Bingham was one of four passengers on board Flight 93 who reached the plane's cockpit and wrestled with hijackers inhibiting the plane from reaching its target.
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For the first time in 20 years, Alice Hoagland is not speaking about her son Mark Bingham and his bravery on Flight 93. She passed away last year and now her brother Vaughn Hoglan is making sure his nephew is never forgotten.
"He was an intricate part not only in our family history but the history of the nation," said Vaughn Hoglan, Mark Bingham's uncle.
On September 11, 2001, Mark was the last passenger to board Flight 93. Minutes into their flight, the plane was hijacked and Mark called his mom to say goodbye and that they had a plan.
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"He was just calling to basically tell us the situation and tell his mother and my sister Alice that he was probably not going to be able to see her again," said Hoglan.
Vaughn remembers the fear in Alice's face and the 25 minutes after that call when Flight 93 purposely crashed into a Pennsylvania field.
The next time they heard Mark's voice was in Washington, when they got to listen to Flight 93's voice recordings. Hoglan says that's when he heard Mark's voice confirming his nephew and three passengers reached the cockpit.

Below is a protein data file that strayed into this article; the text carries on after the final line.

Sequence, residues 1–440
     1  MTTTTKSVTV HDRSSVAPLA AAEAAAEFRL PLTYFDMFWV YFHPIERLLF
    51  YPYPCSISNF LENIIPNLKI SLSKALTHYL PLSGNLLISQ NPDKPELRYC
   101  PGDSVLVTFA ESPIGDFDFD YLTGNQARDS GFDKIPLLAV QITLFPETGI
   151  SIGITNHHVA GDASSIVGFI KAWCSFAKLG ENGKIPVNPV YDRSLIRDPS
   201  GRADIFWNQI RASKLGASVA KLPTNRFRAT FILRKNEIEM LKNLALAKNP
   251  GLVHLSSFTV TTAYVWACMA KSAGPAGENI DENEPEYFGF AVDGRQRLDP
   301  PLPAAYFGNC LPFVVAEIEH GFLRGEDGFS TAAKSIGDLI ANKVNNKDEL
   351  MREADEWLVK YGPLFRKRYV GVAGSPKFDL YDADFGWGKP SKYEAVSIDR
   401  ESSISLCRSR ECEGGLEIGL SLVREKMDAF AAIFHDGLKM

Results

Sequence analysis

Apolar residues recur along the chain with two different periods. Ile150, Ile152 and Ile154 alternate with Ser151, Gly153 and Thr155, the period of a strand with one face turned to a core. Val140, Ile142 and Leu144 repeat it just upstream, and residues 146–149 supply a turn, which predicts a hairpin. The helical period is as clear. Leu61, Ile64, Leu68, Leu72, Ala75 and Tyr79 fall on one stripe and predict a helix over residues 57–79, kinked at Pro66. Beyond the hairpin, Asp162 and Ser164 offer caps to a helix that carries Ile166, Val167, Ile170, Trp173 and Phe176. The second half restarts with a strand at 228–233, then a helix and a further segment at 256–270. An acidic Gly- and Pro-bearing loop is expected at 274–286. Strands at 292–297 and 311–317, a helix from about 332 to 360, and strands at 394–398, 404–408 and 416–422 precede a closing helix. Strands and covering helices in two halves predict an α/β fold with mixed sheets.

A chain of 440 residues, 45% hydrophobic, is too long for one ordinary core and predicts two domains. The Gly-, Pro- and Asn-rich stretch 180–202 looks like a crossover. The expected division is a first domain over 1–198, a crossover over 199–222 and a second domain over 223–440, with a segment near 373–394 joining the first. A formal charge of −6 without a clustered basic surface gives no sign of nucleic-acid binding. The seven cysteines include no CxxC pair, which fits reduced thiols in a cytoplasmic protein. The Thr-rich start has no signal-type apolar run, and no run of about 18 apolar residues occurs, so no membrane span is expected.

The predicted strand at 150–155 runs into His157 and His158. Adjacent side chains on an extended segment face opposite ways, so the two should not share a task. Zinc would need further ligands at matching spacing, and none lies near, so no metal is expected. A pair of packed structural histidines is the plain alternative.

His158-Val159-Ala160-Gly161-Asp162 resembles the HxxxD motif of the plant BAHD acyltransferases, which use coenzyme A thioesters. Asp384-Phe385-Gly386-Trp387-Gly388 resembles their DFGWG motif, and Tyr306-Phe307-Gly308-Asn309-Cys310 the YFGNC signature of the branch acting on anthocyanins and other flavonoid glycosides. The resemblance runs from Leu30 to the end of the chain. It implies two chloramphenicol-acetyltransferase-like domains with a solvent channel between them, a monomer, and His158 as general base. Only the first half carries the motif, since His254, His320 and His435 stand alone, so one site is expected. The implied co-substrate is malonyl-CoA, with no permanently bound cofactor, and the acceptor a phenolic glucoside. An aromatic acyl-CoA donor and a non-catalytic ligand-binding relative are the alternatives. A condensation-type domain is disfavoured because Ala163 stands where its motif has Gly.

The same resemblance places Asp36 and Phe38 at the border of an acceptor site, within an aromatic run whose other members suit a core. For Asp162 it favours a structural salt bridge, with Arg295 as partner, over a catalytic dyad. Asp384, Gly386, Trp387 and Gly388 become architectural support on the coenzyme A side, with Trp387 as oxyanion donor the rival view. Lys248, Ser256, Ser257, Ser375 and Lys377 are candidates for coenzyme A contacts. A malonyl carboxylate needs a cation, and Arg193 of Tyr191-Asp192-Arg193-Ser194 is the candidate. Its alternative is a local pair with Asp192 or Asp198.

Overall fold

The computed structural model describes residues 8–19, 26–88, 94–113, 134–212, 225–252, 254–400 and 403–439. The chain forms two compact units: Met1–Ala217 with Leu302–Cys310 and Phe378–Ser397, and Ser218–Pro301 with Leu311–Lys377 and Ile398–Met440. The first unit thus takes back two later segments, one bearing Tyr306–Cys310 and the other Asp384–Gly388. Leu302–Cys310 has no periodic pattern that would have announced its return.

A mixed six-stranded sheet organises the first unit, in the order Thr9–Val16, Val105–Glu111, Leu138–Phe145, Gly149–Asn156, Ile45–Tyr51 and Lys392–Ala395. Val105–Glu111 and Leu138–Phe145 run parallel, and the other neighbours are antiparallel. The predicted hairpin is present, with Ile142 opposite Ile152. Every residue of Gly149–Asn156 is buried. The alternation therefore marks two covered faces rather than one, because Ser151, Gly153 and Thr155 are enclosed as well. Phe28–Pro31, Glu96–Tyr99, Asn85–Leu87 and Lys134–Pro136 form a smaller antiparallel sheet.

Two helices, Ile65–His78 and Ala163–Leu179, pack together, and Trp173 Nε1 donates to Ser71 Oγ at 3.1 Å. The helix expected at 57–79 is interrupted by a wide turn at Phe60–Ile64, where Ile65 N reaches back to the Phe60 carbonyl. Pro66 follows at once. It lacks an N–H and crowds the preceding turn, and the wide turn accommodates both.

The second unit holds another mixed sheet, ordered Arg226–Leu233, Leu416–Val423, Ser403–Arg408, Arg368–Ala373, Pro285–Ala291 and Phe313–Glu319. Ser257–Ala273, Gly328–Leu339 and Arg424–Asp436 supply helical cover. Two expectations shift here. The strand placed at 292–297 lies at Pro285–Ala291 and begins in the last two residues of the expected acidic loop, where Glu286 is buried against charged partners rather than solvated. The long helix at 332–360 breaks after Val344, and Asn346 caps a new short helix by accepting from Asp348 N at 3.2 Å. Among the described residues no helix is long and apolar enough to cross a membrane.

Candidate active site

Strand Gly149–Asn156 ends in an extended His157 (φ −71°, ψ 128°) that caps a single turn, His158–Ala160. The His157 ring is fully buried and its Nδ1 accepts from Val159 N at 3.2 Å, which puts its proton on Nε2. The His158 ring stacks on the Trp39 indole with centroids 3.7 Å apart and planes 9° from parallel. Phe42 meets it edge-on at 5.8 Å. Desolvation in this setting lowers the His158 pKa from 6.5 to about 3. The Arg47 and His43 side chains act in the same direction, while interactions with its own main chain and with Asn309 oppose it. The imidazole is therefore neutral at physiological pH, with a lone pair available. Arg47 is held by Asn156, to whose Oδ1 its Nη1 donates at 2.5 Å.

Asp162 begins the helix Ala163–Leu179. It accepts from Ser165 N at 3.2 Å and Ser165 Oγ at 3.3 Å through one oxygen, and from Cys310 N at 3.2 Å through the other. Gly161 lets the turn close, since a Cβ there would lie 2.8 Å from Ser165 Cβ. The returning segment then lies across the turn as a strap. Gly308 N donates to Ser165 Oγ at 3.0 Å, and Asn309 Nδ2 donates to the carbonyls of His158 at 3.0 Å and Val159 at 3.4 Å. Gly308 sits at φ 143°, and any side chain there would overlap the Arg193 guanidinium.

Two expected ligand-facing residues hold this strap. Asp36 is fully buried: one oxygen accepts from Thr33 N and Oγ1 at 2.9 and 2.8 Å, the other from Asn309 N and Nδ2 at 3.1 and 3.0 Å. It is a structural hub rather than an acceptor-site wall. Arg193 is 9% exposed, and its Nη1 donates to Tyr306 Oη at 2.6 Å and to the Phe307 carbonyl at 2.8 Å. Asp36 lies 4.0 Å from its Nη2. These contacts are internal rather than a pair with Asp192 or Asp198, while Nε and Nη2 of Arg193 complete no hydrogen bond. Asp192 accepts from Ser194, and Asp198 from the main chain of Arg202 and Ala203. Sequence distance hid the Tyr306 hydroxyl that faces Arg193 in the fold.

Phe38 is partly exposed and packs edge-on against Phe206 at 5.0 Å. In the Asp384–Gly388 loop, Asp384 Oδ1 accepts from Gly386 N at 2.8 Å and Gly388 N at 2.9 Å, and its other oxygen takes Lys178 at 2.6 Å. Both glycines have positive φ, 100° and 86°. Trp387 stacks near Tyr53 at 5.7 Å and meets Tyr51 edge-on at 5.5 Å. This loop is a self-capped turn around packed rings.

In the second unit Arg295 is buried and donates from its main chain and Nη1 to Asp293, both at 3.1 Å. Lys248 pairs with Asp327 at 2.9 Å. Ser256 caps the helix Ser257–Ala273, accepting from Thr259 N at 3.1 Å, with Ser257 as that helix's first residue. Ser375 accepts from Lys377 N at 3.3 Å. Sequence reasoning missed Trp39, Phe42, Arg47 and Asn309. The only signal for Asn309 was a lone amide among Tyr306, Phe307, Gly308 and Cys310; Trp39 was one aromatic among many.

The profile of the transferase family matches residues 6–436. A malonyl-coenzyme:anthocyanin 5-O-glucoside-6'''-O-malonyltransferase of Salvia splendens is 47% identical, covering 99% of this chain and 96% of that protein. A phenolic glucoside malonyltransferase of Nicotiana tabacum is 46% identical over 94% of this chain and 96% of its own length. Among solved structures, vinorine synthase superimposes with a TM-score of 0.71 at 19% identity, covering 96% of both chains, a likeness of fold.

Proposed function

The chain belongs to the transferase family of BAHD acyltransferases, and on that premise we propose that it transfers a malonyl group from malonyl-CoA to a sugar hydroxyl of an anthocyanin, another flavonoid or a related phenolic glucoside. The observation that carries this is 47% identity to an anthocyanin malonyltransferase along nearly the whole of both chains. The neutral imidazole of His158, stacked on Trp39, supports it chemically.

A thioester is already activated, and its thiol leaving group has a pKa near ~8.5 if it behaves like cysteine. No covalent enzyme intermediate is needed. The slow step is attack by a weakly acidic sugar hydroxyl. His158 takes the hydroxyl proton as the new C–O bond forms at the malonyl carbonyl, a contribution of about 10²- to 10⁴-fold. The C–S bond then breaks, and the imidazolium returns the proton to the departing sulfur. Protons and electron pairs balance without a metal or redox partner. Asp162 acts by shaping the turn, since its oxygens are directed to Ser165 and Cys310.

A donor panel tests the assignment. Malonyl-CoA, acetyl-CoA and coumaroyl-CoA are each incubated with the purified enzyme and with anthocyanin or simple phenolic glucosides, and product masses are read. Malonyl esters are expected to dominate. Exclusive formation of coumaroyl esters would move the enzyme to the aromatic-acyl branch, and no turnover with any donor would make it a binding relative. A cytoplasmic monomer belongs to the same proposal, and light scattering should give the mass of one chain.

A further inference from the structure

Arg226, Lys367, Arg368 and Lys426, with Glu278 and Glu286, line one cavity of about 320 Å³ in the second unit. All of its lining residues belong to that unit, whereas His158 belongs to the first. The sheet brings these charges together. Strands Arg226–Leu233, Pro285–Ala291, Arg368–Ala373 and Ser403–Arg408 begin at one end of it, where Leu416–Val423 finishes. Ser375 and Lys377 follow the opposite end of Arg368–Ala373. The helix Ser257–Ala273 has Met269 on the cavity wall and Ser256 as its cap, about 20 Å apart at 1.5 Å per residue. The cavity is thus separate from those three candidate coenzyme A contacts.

"It was horrifying but satisfying at the same time, we were proud of what he had done. I was able to, what I think, was recognize his voice," said Hoglan and added, "He was in there right up front saying 'pull it up and trying to do something.'"
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Every 9/11 his teammates of the first all-gay, inclusive rugby club on the West Coast celebrate his life.
"He was a 'take charge' kind of guy. Especially with the sport of rugby you are taking charge on the field and you don't have the time," said Dany Samreth, Head Coach of SF Fog Rugby Club.
Now Vaughn is making sure his nephew's legacy lives on. Alice was the surrogate for four of Vaughn's five children. One of his sons joined the Marines with Mark in mind.
"Harrison in no small degree joined the Marines to see what he could do. He has a tattoo on his chest of the twin towers that says never forget," said Hoglan.